Deadline Sunday, November 11, 2012
The Center for Computer-Assisted Legal Instruction (CALI) is seeking nominations of qualified and enthusiastic individuals to fill vacant positions on its Board of Directors. If you know of someone who would like to contribute to the research and development, strategic planning and governance of CALI, then consider nominating them for the CALI Board of Directors.
We’re very excited by the response we’ve gotten to the Request for Proposals for the new A2J Clinic Program. Here are some answers to frequently asked questions we’ve received. If you have any other questions, please don’t hestiate to contact CALI Excecutive Director John Mayer at jmayer @ CALI.org
Who owns the ‘Course Kits’?
The A2J Clinical Course Project is a coordinated effort by the Center for Computer-Assisted Legal Instruction, the Center for Access to Justice & Technology at IIT Chicago-Kent College of Law, and
One of my goals with the Instruction Spotlight series of posts on CALI Spotlight was to create a list of basic explanations to some of the major educational theories and ideas out there, both to teach myself as well as provide a resource for the CALI user base. Well, as with all of my good ideas, someone has already though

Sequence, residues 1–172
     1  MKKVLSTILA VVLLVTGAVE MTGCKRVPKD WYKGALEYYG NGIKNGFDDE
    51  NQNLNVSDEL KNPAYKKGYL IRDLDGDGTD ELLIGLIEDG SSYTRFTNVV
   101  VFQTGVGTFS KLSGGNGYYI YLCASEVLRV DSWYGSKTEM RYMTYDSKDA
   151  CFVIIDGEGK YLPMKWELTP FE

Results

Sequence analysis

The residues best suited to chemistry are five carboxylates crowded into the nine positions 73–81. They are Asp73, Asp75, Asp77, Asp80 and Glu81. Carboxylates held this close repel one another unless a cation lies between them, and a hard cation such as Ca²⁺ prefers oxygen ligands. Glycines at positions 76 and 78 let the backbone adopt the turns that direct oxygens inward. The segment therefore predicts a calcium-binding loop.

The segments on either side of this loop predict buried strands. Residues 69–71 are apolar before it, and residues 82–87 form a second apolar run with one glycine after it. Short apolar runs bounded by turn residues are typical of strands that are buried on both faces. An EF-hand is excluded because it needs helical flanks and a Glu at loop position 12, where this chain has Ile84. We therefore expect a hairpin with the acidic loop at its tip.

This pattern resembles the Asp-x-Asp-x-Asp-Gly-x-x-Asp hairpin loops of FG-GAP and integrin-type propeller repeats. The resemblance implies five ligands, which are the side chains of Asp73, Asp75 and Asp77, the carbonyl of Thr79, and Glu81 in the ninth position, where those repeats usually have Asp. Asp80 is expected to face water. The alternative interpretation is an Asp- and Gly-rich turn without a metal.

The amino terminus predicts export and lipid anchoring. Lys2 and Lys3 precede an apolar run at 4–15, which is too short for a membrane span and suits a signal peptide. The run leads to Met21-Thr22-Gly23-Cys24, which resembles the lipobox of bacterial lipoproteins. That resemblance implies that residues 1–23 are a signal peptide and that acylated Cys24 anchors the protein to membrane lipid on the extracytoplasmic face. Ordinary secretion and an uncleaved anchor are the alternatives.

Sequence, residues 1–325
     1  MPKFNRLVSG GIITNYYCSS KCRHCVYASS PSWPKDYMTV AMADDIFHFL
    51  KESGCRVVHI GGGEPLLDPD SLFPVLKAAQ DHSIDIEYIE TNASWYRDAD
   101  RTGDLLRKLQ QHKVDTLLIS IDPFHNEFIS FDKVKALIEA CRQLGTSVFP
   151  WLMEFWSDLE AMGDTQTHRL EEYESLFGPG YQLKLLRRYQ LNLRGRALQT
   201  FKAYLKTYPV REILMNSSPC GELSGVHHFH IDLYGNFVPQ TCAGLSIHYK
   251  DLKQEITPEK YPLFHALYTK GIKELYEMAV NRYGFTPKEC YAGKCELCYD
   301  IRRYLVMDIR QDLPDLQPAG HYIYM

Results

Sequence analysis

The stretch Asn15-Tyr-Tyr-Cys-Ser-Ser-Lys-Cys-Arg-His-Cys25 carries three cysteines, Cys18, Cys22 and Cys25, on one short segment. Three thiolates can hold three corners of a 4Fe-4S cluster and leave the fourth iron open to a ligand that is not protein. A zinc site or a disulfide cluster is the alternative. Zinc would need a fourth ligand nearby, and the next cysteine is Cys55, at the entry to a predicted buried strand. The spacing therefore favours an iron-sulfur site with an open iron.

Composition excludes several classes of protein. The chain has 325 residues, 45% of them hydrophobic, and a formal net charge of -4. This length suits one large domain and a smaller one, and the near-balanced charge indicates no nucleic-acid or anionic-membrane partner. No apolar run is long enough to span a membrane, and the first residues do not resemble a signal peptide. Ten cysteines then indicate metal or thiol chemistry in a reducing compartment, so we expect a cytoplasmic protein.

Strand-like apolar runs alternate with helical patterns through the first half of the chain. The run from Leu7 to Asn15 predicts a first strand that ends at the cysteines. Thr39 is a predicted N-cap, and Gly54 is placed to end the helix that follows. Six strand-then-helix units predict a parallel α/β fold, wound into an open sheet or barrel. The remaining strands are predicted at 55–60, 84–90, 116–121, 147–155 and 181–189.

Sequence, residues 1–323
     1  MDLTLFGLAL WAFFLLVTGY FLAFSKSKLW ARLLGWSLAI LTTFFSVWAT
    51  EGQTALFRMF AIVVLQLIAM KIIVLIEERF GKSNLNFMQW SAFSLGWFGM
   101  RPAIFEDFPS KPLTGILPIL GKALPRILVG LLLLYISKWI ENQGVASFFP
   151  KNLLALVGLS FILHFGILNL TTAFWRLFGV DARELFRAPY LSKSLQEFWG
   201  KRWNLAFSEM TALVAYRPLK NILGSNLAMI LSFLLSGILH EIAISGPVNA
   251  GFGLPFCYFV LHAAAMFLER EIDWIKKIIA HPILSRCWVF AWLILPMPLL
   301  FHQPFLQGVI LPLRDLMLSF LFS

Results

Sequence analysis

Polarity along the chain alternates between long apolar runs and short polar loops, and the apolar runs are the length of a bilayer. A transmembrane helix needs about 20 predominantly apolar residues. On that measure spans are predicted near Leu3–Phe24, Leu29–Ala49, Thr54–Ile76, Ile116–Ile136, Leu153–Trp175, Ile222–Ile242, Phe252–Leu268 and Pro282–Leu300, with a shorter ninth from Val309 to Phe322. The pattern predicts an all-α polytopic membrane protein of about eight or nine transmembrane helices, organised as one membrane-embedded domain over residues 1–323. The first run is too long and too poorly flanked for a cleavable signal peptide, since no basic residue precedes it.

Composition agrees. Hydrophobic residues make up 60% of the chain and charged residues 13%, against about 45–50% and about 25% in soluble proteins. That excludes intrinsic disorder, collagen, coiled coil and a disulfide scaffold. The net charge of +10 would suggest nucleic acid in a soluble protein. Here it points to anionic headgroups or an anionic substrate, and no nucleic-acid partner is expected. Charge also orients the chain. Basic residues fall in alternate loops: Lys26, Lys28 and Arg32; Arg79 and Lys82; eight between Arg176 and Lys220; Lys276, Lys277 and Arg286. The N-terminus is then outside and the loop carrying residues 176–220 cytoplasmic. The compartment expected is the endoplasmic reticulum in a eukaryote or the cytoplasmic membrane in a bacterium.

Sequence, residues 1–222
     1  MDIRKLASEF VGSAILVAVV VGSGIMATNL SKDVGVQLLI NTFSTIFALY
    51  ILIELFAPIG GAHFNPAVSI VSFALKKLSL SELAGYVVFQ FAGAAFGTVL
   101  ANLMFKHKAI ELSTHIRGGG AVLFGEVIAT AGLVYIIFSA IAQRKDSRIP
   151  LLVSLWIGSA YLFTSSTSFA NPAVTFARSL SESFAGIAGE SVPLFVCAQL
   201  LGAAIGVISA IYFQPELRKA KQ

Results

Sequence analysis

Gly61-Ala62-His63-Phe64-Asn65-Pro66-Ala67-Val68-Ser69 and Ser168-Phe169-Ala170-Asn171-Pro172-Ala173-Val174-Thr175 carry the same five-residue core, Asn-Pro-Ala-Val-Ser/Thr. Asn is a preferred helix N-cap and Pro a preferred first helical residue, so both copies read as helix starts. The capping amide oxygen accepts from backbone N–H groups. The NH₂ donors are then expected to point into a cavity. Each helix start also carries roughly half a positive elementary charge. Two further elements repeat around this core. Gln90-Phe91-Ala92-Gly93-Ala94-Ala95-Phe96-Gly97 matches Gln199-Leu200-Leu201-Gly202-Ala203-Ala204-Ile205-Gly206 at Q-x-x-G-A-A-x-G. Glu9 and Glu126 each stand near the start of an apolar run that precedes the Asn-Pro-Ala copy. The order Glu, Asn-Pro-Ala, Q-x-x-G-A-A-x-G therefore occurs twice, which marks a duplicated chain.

As you may know, one of the projects we work on here at CALI is eLangdell Press, which creates and distributes open law school casebooks. We do this because we believe educational materials should be Open – that is to say, able to be remixed, reused and ideally free.
Due to a near-site killing influx of spammers and other internet ne’er-do-wells using Hotmail, we’ve had to ban all CALI.org accounts that are affiliated with a Hotmail email address. Unfortunately, this will cause a number of legitimate registered CALI.org users to be banned from our system. This is a small percentage of our total users, but still a decent amount of people.
If you use Hotmail…
There are two options available for banned hotmail users. You can…
Flipping the classroom is a deceptively simple idea. Instead of students learning via in-class lecture and then working on homework afterwards, the flipped classroom has students prepare for class ahead of time (the literature on the subject most often suggests by watching a lecture screencast or listening to a podcast) and then using class time to apply this new found knowledge.
Welcome to the first of a series of blog posts on CALI Spotlight that focuses on pedagogy, instructional theory, educational technology and other related topics.